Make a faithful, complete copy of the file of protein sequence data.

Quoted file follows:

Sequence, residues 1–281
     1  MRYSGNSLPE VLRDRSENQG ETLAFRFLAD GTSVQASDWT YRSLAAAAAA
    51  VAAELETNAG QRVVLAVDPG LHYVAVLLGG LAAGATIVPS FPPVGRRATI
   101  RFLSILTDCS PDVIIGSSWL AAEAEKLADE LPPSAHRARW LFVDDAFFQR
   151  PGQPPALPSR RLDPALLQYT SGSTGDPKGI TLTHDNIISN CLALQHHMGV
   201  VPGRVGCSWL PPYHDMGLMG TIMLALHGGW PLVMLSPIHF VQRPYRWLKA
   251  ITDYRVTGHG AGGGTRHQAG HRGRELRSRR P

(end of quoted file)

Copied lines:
Sequence, residues 1–281
     1  MRYSGNSLPE VLRDRSENQG ETLAFRFLAD GTSVQASDWT YRSLAAAAAA
    51  VAAELETNAG QRVVLAVDPG LHYVAVLLGG LAAGATIVPS FPPVGRRATI
   101  RFLSILTDCS PDVIIGSSWL AAEAEKLADE LPPSAHRARW LFVDDAFFQR
   151  PGQPPALPSR RLDPALLQYT SGSTGDPKGI TLTHDNIISN CLALQHHMGV
   201  VPGRVGCSWL PPYHDMGLMG TIMLALHGGW PLVMLSPIHF VQRPYRWLKA
   251  ITDYRVTGHG AGGGTRHQAG HRGRELRSRR P